I had a great friend named Shirley.
Shirley was married to my Dad’s cousin Carl. My parents and Shirley and Carl were not really close when I was a kid. Both my parents are from very large families. They saw the majority of their brothers and sisters (combined total close to 20) and cousins (too many for me to count) quite often, but many other relatives were spoken of, but seldom seen. Shirley and Carl fell into that category.
In 1988 when my then husband, two boys and I moved to the sleepy town of Cape Coral, Florida my Dad kept encouraging me to call Carl and Shirley, who lived nearby. My Dad is the kind of fellow, who is always trying to connect family and friends, whether or not the folks involved are interested. (It is a trait I now realize we share!)
At the time, I did not want to call them, they were my parents’ age and I assumed we would have little in common, and since my Dad hadn’t kept in close touch, I thought they would perceive it as odd, or even worse – invasive to hear from a “long lost” relative. So, I ignored my Dad’s consistent, long-distance reminders until he phoned one day and told me he had called them and told them we lived in the same town. I felt I could no longer hide, and I soon found myself reluctantly dialing away.
A gravely voiced Shirley responded in a very off-putting manner upon hearing who I was and why I was calling. My heart sank, my cheeks reddened, and my blood began to boil as I faced the fact that I had once again sucked into one of my Dad’s “great” ideas. I don’t remember anything of our first conversation, other than Shirley’s cigarette-infused voice and very weak promises on both our parts to get together in the future. Duty done, I moved on. (I know I have mentioned Shirley’s voice twice, but it was quite memorable and truly a part o who she was.)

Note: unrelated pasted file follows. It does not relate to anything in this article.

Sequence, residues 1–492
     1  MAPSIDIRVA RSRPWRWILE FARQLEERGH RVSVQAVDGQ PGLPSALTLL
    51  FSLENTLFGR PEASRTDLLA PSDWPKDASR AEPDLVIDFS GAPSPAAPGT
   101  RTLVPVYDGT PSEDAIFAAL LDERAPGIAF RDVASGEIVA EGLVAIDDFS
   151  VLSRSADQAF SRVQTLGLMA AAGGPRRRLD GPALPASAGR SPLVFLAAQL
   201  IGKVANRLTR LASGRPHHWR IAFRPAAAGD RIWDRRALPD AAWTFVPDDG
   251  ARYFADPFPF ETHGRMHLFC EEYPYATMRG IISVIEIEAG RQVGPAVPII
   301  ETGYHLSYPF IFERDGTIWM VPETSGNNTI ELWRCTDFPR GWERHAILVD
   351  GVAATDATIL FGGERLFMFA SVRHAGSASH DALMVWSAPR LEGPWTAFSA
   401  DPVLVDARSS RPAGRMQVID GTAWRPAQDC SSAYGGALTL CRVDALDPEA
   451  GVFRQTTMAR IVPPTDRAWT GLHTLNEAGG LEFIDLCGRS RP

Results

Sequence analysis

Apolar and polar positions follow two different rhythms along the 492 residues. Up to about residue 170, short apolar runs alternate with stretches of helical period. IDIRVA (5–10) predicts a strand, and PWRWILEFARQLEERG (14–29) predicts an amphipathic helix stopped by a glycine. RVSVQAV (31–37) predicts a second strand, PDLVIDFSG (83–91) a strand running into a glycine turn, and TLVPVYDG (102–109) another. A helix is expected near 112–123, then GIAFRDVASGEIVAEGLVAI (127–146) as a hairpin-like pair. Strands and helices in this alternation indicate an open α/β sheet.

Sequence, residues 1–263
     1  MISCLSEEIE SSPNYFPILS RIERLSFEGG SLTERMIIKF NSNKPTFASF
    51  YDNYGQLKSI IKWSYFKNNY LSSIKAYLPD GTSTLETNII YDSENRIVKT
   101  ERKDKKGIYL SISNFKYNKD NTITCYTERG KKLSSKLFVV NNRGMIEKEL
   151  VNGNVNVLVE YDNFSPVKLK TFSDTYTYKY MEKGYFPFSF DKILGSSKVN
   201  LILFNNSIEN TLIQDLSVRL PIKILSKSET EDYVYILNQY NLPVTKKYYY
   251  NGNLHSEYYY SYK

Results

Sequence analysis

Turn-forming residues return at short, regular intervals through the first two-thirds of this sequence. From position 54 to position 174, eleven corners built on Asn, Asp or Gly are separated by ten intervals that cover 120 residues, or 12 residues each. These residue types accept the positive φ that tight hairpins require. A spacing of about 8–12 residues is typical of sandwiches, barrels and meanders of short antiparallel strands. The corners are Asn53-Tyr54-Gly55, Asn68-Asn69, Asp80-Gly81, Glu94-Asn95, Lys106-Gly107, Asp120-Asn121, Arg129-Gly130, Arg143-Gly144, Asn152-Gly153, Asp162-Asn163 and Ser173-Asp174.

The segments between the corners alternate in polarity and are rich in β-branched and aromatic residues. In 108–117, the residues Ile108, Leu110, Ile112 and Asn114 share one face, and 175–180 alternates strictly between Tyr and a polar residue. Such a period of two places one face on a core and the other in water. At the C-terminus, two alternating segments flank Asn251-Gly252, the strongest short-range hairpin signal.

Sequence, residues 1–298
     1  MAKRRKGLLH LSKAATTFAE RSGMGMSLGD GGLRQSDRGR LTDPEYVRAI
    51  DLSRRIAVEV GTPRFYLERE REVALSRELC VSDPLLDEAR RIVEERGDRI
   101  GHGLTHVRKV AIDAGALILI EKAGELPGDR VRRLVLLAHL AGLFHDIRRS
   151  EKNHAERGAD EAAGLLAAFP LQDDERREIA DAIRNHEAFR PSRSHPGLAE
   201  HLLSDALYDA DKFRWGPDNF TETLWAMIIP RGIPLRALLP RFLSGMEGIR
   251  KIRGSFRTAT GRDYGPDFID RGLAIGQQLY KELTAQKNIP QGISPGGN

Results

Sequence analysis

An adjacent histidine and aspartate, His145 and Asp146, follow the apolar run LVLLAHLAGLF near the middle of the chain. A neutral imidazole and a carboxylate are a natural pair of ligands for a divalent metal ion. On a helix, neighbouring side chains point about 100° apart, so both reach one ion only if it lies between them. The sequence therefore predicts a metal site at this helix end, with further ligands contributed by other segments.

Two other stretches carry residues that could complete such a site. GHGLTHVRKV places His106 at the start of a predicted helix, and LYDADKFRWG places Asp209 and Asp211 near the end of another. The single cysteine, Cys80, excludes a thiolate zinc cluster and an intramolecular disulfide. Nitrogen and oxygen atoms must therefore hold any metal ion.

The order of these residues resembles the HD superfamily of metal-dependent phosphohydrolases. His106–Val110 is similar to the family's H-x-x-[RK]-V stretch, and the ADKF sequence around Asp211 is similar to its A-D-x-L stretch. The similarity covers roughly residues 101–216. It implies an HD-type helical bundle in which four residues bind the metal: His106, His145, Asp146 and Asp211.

To this day, I do not know who made the next overture, but thankfully one of us did, and that gesture led to a warm, wonderful, and loving relationship with two of the finest, most caring, and interesting folks I have ever met. (Thank you, Dad.) When Shirley loved you, she did so fiercely; when Carl cared, you felt it in every vein of your body.
Over the next few years, we combined families, holidays, and celebrations of all sorts. We began a Christmas Eve tradition when we invited them to our home along with our dear friends Nellie and John, who had earlier and easily become honorary grandparents to our two boys and great mentors and dear friends to us. The two couples hit-it off immediately and became fast friends. Nellie and Shirley bonded in a way that survived the passing of husbands, distance and Alzheimer’s, and spent years enjoying good coffee, wine, confidences and conversation.
We also got to know Shirley and Carl’s great sons, (my cousins)-in-laws, and grandchildren and my parents reconnected when they visited us and later through calls and letters.